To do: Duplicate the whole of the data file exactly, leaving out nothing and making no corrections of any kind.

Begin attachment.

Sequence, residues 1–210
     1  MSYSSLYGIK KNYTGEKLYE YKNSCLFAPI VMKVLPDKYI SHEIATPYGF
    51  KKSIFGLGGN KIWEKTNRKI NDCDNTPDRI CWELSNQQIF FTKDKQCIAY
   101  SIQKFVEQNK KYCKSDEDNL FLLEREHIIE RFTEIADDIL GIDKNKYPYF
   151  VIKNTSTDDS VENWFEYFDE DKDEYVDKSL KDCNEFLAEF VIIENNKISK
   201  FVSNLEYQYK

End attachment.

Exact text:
Sequence, residues 1–210
     1  MSYSSLYGIK KNYTGEKLYE YKNSCLFAPI VMKVLPDKYI SHEIATPYGF
    51  KKSIFGLGGN KIWEKTNRKI NDCDNTPDRI CWELSNQQIF FTKDKQCIAY
   101  SIQKFVEQNK KYCKSDEDNL FLLEREHIIE RFTEIADDIL GIDKNKYPYF
   151  VIKNTSTDDS VENWFEYFDE DKDEYVDKSL KDCNEFLAEF VIIENNKISK
   201  FVSNLEYQYK